Holyhead to Dublin Ferry

The Holyhead Dublin ferry route connects Wales with Ireland and is currently operated by 2 ferry companies. The Irish Ferries service runs up to 4 times per day with a sailing duration of around 1 hour 49 minutes while the Stena Line service runs up to 4 times per day with a duration from 3 hr 15 min.

So that’s a combined 56 sailings on offer per week on the Holyhead Dublin route between Wales and Ireland. Compare now and get the best fare at the time that you want to travel.

Holyhead - Dublin Ferry Operators

  • Irish Ferries
    • 4 Sailings Daily 1 hr 49 min
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  • Stena Line
    • 4 Sailings Daily 3 hr 15 min
    • Get price

Average Holyhead Dublin Prices

Prices shown represent the average one way price paid by our customers. The most common booking on the Holyhead Dublin route is a car and 2 passengers.

Holyhead Dublin Ferry reviews

  • "As smooth as silk "

    This was the first time my wife and I had used any car ferry service and we were a little apprehensive. We needn't have worried. The check in, boarding, and disembarking were simplicity itself. We may have been fortunate on this occasion but the crossing was smooth and uneventful although a little grey. The facilities on board were adequate for our needs and there seemed to be sufficient to keep children occupied. Although we are returning to England with another ferry company we will not hesitate in using Stena again if the need arose.

    'Wilf' travelled Holyhead Dublin with Stena Line on Stena Adventurer

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  • "Trip on Irish Ferries"

    Well, the whole experience was a great one and there is not much to say except that I would recommend it for anybody who wants to have a fun trip to Ireland from England. If one holds the UK Rail pass as I had, it turns out economical than these cheap flights considering that it costs money to transit to and from the airports and also the time involved in check in etc. The Ferries check in was just half an hour before and at Holyhead it was alongside the Railway Station. The only scope for improvent is the transit from Dublin Ferry Jetty to Town Centre is about four miles and I wonder if they could bundle in a mini bus service to Town.

    'Mothi George' travelled Holyhead Dublin with Irish Ferries on Dublin Swift

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  • "Fast and comfortable crossing"

    First time we had used this service and found it a positive experience overall. The ship itself is clearly quite old, but clean and serviceable. The food options were quite varied and the sandwiches really good. Staff were all pleasant and polite, and cleaned up tables efficiently and promptly.

    'Anonymous' travelled Holyhead Dublin with Irish Ferries on Dublin Swift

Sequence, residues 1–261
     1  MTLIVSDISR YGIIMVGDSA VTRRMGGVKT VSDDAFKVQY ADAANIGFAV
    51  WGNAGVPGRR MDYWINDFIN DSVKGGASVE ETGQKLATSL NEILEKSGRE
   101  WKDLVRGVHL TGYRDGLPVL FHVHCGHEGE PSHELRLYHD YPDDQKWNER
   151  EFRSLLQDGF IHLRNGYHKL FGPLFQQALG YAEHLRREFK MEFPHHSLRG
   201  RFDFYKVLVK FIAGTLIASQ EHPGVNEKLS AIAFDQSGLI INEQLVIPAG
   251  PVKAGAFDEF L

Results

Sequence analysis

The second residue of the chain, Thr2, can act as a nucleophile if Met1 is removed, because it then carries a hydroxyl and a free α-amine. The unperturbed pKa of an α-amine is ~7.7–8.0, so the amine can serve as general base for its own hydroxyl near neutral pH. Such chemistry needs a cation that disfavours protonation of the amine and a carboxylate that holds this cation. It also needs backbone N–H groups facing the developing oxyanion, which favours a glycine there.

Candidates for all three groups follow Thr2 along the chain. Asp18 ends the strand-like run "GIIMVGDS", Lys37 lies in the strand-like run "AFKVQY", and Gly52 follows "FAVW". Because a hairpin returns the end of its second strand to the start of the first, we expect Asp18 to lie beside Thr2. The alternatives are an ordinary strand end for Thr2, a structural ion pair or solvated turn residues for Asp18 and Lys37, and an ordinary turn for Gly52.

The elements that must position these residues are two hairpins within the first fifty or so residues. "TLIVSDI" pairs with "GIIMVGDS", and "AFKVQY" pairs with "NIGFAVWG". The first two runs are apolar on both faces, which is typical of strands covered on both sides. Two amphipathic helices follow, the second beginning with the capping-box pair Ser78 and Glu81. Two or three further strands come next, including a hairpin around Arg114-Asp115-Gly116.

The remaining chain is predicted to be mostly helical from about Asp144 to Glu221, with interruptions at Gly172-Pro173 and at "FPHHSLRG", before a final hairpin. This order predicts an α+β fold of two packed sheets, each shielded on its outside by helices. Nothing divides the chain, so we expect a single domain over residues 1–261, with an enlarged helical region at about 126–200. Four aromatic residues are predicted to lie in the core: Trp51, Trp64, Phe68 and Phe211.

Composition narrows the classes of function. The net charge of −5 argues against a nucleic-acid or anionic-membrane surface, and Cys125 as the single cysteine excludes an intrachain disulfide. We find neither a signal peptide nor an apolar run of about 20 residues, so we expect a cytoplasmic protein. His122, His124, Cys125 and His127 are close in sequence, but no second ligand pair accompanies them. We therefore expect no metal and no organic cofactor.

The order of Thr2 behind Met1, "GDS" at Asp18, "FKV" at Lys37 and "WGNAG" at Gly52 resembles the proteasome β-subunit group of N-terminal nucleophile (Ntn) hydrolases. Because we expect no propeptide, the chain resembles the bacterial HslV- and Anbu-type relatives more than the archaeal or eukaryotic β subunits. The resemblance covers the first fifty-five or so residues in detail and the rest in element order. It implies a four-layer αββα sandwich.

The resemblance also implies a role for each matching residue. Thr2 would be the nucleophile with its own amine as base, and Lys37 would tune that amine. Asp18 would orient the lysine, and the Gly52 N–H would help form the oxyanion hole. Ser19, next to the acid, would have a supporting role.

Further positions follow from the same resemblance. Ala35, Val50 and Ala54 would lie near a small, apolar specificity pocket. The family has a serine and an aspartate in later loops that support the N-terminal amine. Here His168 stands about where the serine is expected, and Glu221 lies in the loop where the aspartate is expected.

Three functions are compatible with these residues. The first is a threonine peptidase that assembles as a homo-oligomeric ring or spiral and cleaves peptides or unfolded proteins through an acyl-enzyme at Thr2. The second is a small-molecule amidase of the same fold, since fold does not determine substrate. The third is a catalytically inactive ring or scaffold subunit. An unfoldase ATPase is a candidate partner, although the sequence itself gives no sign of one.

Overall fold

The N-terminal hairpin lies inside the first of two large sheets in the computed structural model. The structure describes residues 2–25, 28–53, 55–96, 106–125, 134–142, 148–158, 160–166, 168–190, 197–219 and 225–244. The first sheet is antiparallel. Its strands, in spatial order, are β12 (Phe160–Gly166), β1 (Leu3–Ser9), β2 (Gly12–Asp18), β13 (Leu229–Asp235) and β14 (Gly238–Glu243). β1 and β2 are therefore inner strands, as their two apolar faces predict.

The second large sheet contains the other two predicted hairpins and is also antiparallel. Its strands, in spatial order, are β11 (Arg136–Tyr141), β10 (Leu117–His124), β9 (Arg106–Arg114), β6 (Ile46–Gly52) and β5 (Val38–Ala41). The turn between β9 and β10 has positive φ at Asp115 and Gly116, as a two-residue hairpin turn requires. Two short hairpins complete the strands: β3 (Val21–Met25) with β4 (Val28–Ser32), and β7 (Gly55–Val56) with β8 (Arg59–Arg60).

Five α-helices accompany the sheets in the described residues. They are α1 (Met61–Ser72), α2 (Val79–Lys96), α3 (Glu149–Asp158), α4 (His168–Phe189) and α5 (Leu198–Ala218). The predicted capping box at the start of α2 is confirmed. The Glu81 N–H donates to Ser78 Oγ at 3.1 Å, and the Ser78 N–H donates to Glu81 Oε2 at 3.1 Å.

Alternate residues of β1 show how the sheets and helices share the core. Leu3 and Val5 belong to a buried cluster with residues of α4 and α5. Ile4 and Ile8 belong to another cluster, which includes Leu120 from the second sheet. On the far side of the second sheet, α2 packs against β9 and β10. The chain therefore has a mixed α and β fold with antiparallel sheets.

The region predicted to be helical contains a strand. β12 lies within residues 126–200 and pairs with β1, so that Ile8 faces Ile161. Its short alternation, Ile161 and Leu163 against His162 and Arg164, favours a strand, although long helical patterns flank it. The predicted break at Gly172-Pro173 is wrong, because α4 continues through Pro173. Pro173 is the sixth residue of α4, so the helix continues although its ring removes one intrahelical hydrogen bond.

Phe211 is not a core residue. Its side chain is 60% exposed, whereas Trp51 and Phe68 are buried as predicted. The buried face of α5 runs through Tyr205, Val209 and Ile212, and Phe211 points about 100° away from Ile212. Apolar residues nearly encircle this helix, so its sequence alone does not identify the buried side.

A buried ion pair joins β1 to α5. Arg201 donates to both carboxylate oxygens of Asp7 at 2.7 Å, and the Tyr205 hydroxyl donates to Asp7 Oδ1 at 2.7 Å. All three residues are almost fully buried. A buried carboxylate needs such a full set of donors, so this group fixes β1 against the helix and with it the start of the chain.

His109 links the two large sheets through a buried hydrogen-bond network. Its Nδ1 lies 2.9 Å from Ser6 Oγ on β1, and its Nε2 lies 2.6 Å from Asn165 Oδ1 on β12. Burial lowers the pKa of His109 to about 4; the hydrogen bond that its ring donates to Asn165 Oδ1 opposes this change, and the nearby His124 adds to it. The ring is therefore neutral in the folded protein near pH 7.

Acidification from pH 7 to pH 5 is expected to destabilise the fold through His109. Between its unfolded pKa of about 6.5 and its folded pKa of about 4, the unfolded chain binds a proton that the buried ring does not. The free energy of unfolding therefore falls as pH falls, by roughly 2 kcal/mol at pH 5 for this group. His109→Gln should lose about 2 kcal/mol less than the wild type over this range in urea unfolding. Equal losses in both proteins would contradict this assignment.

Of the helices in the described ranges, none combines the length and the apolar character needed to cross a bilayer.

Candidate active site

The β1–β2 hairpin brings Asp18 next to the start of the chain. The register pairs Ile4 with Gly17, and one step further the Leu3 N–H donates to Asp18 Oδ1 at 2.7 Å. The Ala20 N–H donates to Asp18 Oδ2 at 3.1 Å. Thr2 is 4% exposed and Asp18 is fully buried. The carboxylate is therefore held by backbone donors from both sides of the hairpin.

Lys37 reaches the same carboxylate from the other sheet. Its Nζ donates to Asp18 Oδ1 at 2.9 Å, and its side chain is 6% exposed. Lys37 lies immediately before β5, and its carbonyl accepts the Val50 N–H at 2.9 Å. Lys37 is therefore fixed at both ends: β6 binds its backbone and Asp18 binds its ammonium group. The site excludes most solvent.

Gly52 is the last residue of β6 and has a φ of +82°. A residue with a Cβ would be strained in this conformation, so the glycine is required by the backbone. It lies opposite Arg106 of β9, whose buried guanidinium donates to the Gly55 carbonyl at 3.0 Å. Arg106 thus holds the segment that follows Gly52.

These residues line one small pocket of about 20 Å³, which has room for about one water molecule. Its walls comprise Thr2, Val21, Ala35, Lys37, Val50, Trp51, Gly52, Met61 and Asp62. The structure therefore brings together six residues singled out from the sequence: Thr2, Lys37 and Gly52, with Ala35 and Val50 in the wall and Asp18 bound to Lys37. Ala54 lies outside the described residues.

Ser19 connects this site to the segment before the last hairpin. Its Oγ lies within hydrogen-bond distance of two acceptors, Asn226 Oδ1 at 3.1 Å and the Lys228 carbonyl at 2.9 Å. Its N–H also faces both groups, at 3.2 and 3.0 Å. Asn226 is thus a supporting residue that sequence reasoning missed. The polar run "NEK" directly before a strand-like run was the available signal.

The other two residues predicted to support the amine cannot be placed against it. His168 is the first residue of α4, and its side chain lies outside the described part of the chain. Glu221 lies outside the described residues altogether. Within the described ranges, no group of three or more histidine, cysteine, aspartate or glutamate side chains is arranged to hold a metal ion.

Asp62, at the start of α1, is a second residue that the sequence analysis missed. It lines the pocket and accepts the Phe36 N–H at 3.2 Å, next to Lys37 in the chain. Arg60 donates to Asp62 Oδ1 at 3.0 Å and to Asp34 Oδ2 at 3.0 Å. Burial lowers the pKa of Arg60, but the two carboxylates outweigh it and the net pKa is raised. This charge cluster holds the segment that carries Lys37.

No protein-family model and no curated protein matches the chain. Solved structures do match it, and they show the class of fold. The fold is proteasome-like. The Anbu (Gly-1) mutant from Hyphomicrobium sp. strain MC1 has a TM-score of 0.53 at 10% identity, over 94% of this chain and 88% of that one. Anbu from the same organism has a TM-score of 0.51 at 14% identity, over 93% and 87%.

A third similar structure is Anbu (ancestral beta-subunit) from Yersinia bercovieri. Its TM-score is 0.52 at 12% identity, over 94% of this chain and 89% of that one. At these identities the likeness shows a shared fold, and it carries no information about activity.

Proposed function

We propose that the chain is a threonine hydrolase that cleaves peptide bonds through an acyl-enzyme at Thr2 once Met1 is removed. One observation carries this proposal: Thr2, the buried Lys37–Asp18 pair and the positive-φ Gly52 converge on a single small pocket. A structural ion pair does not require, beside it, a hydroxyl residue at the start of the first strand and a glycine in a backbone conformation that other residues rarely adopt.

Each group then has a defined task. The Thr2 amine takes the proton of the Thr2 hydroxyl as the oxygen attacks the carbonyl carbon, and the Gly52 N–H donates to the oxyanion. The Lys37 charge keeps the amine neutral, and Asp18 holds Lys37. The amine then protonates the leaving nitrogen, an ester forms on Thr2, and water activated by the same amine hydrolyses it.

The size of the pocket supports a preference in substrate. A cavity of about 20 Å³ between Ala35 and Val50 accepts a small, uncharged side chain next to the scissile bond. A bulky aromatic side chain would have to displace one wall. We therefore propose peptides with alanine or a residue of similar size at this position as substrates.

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  • "Good Crossing "

    Good Crossing however the breakfast wasn't that nice, could do with a veterinarian menu.

    'Anonymous' travelled Holyhead Dublin with Irish Ferries on Dublin Swift

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Holyhead Guide

Located on Holy Island, which at one point was connected to Anglesey via the Four Mile Bridge, the town of Holyhead is the largest town, and port, in Anglesey, Wales. A local philanthropist in the mid 19th century, however, funded the building of a causeway, "The Cobb", which to this day carries the main road and railway to and from Holyhead. There are many places in the town centre to eat with all the usual shops and facilities you would expect to find in a town of its size. There is also a cinema and theatre. Holyhead is often used as an overnight stop to, or from, the port and as a result there are many different places to stay that will suit all budgets. Around Holyhead there is excellent fishing, golfing and sailing facilities. Couple this with the wonderful scenery, walks and beaches and you can easily lose yourself and relax for a few days.

The Port of Holyhead is a bustling ferry port which operates services to Dublin and Dun Laoghaire in Ireland. The port is also the main gateway for land transport from northern and central England and Wales to Ireland.

Dublin Guide

Dublin is the capital if Ireland and is located in the province of Leinster on the north east coast, at the mouth of the River Liffey. As Ireland's capital city it is a major tourist destination and attracts millions of visitors each year. Popular attractions in the city, whose history dates back to Viking times, is Dublin Castle which was founded in 1204, just after the Norman invasion. Other popular attractions includes the Mansion House, the Anna Livia Monument, the Molly Malone statue. Christ Church Cathedral, St Patrick's Cathedral, The Custom House and Saint Francis Xavier Church on Upper Gardiner Street.

Dublin's port is located on both banks of the River Liffey. On the north bank, the main port lies at the end of East Wall and North Wall, from Alexander Quay. The element of the port on the south side of the river is much smaller and lies at the beginning of the Pigeon House peninsula. Ferry services from the port depart to Holyhead in Wales, Liverpool; in England and Douglas on the Isle of Man.